Once again the government shows it doesn’t understand the ETS and the waterbed effect of reductions of emissions in one area allowing increases in another for no net improvement.

However, there is some good in the Emissions Reduction Plan:

Federated Farmers is pleased the government has recognised solutions to agricultural emissions lie in new technologies and tools, and is stepping up investment on that front.

“Nitrate and methane inhibitors, gene editing, animals bred for their lower methane ‘burping’ – they’re the kind of advances that will enable New Zealand’s farming sector to continue to perform for the nation’s economy while maintaining our world-leading meat and dairy carbon footprint,” Feds President and climate change spokesperson Andrew Hoggard said.

It will be important to understand how the proposed new Centre for Climate Action on Agricultural Emissions fits with existing bodies such as the NZ Agricultural Greenhouse Gas Research Centre, the Pastoral GHG Research Consortium (PGGRC) and the international bodies New Zealand partners with, such as the Global Research Alliance.

“New Zealand farmers have been funding millions of dollars into greenhouse gas mitigation tools since 2003 via the PGGRC,” Andrew said.

Do we need another organisation when all of these are already doing good work?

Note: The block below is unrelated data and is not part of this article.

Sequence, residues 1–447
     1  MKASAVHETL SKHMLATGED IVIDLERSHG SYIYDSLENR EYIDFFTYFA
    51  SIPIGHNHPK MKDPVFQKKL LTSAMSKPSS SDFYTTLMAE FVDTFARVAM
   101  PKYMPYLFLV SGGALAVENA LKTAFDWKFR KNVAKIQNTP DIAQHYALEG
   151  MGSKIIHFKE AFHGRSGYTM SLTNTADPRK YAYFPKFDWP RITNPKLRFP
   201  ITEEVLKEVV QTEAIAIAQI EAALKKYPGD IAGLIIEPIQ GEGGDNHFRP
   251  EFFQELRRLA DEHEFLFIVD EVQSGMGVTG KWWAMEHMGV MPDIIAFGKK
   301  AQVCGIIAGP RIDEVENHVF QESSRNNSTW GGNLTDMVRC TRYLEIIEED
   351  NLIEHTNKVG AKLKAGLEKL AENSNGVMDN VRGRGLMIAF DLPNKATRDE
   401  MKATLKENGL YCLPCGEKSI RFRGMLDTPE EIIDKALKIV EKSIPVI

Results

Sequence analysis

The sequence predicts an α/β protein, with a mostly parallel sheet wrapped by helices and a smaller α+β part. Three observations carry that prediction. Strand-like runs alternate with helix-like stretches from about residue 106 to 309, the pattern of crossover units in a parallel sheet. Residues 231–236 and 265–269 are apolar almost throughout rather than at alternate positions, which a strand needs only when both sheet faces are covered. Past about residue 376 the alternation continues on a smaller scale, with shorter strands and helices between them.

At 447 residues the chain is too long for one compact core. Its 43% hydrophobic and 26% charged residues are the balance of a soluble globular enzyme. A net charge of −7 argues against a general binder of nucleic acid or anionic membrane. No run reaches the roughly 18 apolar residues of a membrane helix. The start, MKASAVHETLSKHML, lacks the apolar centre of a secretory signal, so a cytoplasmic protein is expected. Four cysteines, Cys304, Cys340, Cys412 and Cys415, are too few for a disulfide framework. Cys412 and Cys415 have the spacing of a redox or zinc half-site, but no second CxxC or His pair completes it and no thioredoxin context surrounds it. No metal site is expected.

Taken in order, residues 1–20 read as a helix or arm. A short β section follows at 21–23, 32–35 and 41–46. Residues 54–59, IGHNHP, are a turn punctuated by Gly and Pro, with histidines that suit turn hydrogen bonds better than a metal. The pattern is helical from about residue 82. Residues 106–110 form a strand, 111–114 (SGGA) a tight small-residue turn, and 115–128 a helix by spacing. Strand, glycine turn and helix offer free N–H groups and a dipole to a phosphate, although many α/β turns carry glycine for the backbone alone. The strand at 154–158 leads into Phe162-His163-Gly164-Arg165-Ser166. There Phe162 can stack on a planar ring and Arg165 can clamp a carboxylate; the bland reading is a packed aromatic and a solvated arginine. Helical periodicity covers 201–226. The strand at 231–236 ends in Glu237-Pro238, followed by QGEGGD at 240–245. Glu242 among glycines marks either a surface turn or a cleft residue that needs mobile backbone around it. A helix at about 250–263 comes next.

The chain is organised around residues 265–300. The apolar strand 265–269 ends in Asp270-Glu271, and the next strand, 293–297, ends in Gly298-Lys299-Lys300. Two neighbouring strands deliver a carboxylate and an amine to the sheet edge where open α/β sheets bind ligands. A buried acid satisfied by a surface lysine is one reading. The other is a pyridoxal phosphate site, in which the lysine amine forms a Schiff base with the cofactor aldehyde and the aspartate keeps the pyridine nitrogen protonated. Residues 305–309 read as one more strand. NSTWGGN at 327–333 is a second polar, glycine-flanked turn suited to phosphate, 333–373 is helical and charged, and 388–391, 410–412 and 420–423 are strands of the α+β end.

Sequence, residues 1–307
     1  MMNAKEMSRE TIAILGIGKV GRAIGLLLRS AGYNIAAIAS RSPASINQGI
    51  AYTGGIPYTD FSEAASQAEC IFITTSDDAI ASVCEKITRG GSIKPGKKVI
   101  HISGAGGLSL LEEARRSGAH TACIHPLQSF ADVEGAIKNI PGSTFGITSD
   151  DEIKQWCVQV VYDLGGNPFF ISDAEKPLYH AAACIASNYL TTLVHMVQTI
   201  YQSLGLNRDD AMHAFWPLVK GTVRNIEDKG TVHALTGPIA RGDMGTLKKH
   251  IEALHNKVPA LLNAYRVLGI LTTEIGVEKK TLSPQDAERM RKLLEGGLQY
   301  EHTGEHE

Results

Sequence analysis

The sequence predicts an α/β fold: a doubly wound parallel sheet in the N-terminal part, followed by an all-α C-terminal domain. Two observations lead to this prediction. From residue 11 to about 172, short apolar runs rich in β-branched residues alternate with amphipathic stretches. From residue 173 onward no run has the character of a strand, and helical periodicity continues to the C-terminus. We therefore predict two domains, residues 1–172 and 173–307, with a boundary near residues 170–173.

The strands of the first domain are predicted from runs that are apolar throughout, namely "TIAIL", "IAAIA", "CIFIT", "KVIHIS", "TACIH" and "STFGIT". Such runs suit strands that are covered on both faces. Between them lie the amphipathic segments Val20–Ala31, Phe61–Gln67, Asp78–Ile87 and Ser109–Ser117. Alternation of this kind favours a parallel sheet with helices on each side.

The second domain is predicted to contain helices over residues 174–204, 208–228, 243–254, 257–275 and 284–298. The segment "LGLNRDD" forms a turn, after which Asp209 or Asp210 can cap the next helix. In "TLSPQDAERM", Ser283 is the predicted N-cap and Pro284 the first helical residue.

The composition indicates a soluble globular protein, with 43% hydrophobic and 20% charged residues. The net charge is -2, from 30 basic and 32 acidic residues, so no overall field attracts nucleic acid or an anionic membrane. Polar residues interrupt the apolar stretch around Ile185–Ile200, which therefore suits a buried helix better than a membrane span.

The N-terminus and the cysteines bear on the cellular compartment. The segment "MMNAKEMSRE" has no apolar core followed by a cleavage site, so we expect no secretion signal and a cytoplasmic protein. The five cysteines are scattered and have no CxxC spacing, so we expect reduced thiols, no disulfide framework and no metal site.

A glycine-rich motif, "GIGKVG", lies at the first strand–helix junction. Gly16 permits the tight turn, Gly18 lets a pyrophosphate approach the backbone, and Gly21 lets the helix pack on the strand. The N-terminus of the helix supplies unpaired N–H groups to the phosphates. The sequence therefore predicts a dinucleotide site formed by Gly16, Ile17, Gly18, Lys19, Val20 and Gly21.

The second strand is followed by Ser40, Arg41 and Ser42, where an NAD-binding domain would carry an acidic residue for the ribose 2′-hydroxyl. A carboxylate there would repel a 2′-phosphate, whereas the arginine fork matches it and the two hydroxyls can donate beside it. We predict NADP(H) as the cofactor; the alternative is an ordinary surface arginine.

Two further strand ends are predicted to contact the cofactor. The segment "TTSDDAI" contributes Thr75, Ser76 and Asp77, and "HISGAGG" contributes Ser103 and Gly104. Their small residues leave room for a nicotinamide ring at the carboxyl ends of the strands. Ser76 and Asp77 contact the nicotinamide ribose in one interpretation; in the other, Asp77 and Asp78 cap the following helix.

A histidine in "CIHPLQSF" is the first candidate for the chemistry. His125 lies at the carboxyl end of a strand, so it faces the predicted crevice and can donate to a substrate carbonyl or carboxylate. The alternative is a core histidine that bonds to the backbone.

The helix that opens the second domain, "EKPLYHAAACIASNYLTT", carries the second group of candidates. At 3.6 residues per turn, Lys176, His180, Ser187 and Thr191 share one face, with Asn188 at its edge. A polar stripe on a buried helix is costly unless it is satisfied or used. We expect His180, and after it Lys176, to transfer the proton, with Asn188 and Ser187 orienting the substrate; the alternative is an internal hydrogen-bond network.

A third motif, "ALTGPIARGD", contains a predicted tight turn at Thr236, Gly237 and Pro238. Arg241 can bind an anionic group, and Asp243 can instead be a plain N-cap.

It will also be crucial that our regulatory framework is worked on at the same time as acceleration of research and commercialisation of these tools “so that when they’re ready, we can get on with using them.

“At present there is no category to register feed inhibitors for use on our farms, for example,” Andrew said.

“And Feds again make the point we’ve made many times previously – serious investigation and society-wide discussion is needed on the role genetic technologies – particular gene editing – can play in the thorny environmental issues confronting us. Feds supports giving food producers and consumers the choice with gene editing technology.

“If we are not open to all solutions, we risk losing our world-leading emissions footprint as other countries embrace the innovation we are ignoring.”

Andrew said those who continue to claim the answer lies in just cutting fertiliser and going totally organic need to look at what has just happened in Sri Lanka. “That’s the short-sighted path that nation’s government pursued and now they’re in a food and economic crisis they’re desperate to reverse and get back to where they were.”

That short-sighted path is the one that GreenRedpeace wants:

Greenpeace has dubbed the Government’s Emissions Reduction Plan an ‘Omissions Ridiculous Plan’, for its failure to address New Zealand’s biggest climate polluter – the dairy industry.